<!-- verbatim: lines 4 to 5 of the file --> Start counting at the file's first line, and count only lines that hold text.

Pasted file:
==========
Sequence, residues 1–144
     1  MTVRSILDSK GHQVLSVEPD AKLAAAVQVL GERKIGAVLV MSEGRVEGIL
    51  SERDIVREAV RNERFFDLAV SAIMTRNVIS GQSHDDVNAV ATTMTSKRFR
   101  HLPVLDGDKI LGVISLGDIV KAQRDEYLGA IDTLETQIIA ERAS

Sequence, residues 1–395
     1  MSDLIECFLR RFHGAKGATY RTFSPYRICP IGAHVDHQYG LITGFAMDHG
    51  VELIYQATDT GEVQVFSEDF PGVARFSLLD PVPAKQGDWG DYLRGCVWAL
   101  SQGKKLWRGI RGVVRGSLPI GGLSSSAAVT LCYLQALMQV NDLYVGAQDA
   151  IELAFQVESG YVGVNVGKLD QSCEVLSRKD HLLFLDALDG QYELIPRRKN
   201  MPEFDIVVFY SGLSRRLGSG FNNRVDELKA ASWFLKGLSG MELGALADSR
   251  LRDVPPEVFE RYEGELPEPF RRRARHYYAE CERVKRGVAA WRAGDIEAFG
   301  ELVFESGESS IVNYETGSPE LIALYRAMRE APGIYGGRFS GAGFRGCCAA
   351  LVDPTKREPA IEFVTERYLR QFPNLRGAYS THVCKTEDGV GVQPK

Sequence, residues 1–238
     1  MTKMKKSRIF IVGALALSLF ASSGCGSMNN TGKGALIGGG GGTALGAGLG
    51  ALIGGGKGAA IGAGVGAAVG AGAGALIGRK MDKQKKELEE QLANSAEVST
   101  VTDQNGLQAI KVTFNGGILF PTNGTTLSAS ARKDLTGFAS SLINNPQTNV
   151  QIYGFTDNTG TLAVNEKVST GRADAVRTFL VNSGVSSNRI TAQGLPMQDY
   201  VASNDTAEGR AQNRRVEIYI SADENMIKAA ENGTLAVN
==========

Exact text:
   101  HLPVLDGDKI LGVISLGDIV KAQRDEYLGA IDTLETQIIA ERAS

Sequence, residues 1–395